Department Announces New College Affordability and Value Outreach

Making college more affordable for American families has continued to be a key priority for the Obama Administration, and in August, President Obama proposed a comprehensive plan to address rising college costs and increase college affordability and value. Since his announcement, Department and Administration officials have traveled the country and met with a variety of higher education leaders to hear their thoughts about the three components of President Obama’s plan: paying colleges and students for performance, promoting innovations that cut costs and improve quality, and helping students manage their debt.

obama_university_at_buffalo

President Barack Obama delivers remarks at the University at Buffalo, the State University of New York, during the college affordability bus tour in Buffalo, N.Y., Aug. 22, 2013. (Official White House Photo by Pete Souza)

As part of the proposal to pay college and students for performance, the Department is developing a college ratings system that will better inform families about college value and affordability and encourage institutions to improve, while ensuring that disadvantaged students are served well. Last week, we were excited to announce the first of four opportunities for the general public to interact with Department officials, as well as the broader education community, and share their ideas about how to develop the ratings and address the key themes of college access, affordability and outcomes.

Today, Secretary Duncan announced three additional open forums, in addition to other outreach efforts and events:

  • California State University, Dominguez Hills in Carson, Calif., on Nov. 6
  • George Mason University in Fairfax, Va., on Nov. 13
  • University of Northern Iowa in Cedar Falls, Iowa, on Nov. 15
  • Louisiana State University in Baton Rouge, La., on Nov. 21

Over the coming months, we plan to engage as many stakeholder groups and individuals as possible to help us develop college ratings that are useful to students and take into account the diversity of America’s colleges and universities. As part of our outreach announcement today, we are also unveiling a new College Affordability and Completion website that will host updated information, including details on timing and registration for the open forums, as well as new outreach events.

The public forums will build on the Department’s outreach activities already underway and will coincide with the Department’s upcoming Request for Information (RFI) to ask data experts and researchers to weigh in on methods for creating college ratings. Since the President’s announcement, officials have met in  Los Angeles, Boston, Chicago, and Washington, D.C,  with groups including the American Association of State Colleges and Universities, the Historically Black Colleges and University Presidents’ Board of Advisors, the American Council on Education, student leadership associations, independent college groups in Massachusetts and California, presidents from Hispanic-Serving Institutions – and over the next few weeks will meet with community college and business leaders, parents, students, faculty, and more.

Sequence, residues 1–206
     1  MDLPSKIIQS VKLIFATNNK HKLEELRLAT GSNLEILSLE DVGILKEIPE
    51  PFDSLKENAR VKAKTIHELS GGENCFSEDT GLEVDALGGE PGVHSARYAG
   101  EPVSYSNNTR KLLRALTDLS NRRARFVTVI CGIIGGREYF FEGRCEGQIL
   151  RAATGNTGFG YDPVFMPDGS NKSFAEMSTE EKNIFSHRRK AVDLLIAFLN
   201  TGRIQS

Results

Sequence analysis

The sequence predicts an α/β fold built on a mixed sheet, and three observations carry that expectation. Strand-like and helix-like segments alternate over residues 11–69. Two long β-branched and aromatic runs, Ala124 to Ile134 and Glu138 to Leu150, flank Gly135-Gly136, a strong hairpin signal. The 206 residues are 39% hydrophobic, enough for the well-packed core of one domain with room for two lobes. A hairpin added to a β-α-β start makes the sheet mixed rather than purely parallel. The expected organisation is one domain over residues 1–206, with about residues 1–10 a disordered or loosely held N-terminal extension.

We want feedback from students and parents, state officials, college presidents from a variety of institutions, higher education faculty and administrators, businesses and industry leaders, researchers, data experts, higher education associations, innovators, philanthropies, policy leaders and others. If you can’t join us for an open forum, please submit your ideas by sending an e-mail to collegefeedback@ed.gov or by mail to the U.S. Department of Education headquarters in D.C. at the following address:

Attn: Josh Henderson
400 Maryland Ave SW, 7E313
Washington, DC 20202

 Sara Gast is director of strategic communications at the U.S. Department of Education

Making College Affordable for Every American

I’m thrilled today that President Obama is moving forward with an ambitious new plan to make college more affordable for every American. We know that higher education is more important than ever, but we also know it’s never been more expensive. We have heard from students and families across the country who are worried about affording college, and we believe that higher education cannot be a luxury that only advantages the wealthy.

Cost of College GraphicsCollege must remain an accessible and affordable opportunity that provides a good value for all Americans. We want college to be a secure investment for every student from every background who is willing to work hard, an investment that prepares our nation’s students for a good job and a bright future.

We believe the cost of college is a shared responsibility among the federal government, states, colleges and universities, and our students and families. Since 2009, the Obama Administration and Congress have worked together to make historic investments in higher education. We  raised the maximum Pell Grant grant award by more than $900, created the American Opportunity Tax Credit, now offer additional loan repayment programs that help students manage their debt, and enacted landmark federal student aid reforms that eliminated wasteful bank subsidies and increased by more than 50 percent the number of students attending college from low-income families.

There are remarkable examples of states and institutions across our nation who have taken innovative steps to help American families afford college. New York has committed to restraining tuition growth in its public community colleges and universities over five years, and the University of Maryland system, which operates an Effectiveness and Efficiency Initiative, has saved more than $356 million and helped stabilize tuition for four straight academic years.